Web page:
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  • Writer's pictureTim Carpenter, Kansas Reflector

Democrat Eli Woody tying 2nd District campaign to issues germane to Kansans — not D.C. insiders

Eli Woody, a Democratic candidate for the 2nd District U.S. House seat in Kansas, said he wanted to carry the aspirations of working-class Kansans to Washington and provide a counter-weight to the deep-pocket donors who distort political agendas of some lawmakers. (Sherman Smith/Kansas Reflector)

By Tim Carpenter, Kansas Reflector

TOPEKA — Democrat Eli Woody signed up to run for Congress in the state’s 2nd District to offer voters the option of a working-class candidate focused on income inequality, affordable health care, public education and dark money swirling around the political process.

Woody, a former teacher who grew up in Topeka and resides in Kansas City, Kansas, said incumbent U.S. Rep. Jake LaTurner had demonstrated a willingness to dive into Fox News’ flavor-of-the-week issues of immigration, confronting big IT companies or attacking President Joe Biden. Woody, who has a 2024 primary campaign opponent in Joseph M. Swain of Peabody, said he was eager to put a spotlight on working-class issues in a general election race against two-term incumbent LaTurner.

“I jumped out of education and into this, really, because I’m tired,” Woody said on the Kansas Reflector podcast. “I’m tired of watching politics as usual not benefit most folks. It’s just a game that is played by the rich and privileged. There are a lot of people who, even like myself, are looking for more just regular, genuine everyday folks to represent them in Congress.”

He’s never sought elective office, but considered the 2024 cycle an opportune moment to present himself to eastern Kansas voters. He taught high school English and now works at the nonprofit National Speech and Debate Association. It’s the largest interscholastic speech and debate organization serving middle school, high school and college students in the United States.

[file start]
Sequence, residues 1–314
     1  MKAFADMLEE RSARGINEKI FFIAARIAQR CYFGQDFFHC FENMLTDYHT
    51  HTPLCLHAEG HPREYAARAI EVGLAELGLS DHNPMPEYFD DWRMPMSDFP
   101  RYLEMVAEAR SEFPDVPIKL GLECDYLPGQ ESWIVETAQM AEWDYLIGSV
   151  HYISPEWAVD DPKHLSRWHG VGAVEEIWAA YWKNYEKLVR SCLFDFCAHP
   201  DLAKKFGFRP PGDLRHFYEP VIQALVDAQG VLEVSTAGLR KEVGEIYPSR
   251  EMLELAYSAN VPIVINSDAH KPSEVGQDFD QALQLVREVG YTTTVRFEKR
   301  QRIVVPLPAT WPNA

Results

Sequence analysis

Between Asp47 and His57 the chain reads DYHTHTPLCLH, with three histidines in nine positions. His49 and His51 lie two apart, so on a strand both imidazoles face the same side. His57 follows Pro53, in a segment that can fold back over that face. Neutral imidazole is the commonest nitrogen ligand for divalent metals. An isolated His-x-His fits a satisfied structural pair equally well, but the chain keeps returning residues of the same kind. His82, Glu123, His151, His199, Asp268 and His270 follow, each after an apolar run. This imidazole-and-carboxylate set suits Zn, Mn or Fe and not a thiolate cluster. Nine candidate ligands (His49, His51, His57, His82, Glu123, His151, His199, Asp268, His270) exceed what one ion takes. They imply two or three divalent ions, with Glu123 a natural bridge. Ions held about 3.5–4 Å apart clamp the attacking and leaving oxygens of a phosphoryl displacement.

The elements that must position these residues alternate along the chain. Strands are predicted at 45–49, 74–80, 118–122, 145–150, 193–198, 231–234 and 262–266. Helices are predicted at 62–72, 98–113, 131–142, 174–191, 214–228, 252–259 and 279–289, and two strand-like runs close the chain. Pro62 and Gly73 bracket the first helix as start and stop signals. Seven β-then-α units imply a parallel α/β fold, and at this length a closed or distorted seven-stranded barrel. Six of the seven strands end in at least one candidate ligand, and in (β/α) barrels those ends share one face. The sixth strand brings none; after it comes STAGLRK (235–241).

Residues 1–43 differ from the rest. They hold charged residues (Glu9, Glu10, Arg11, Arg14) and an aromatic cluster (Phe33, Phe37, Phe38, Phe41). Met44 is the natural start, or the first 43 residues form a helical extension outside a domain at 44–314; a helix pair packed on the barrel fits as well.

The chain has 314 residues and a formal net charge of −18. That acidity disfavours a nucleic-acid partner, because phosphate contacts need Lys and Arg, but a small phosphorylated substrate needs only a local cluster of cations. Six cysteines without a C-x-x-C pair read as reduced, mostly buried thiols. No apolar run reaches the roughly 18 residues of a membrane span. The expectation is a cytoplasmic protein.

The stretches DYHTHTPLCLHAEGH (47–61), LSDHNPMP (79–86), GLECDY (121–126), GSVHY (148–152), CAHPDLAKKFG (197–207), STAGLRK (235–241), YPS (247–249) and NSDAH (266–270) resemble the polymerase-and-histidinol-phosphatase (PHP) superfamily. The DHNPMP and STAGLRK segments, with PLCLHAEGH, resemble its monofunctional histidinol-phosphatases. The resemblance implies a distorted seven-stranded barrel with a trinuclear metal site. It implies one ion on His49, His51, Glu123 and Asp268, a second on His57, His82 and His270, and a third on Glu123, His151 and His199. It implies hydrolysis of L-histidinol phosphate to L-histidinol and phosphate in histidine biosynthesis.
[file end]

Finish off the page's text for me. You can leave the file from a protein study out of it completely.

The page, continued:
Woody said he was up for the challenge of working toward ousting a GOP incumbent — a goal too far afield for 2022 Democratic nominee Patrick Schmidt, even though he spent $1.1 million against LaTurner. LaTurner prevailed with 57.6% against Schmidt’s 42.4%. It was a margin of victory comparable to LaTurner’s defeat of Democrat Michelle De La Isla in 2020. That race followed his primary win over Congressman Steve Watkins, who became embroiled in a voting scandal.

“I’m relying a lot on … working-class folks to have some faith in another working-class person to listen to them and go fight for them in Washington,” Woody said. “I see my elected officials not fighting with the urgency that they need to to address the issues that are in my life. I know that I’m new to politics. And know that I’ve never been a candidate before. But I know that I can listen. And, I know that I have empathy.”

Woody, who earned an undergraduate degree from Washburn University in Topeka and a master’s degree in communications at University of Colorado at Denver, said voters were anxious about the future of K-12 education. He said the debate ought to be centered on the number of emotionally drained students, overburdened parents, overextended teachers and “out-of-touch politicians watching it all happen.”

“It is a massive system that needs a lot of retooling. I think a lot of it, though, has to do with listening to teachers. You never have enough resources. You never have enough time. You never have enough time with parents. Your zip code should not decide your level of success and education,” he said.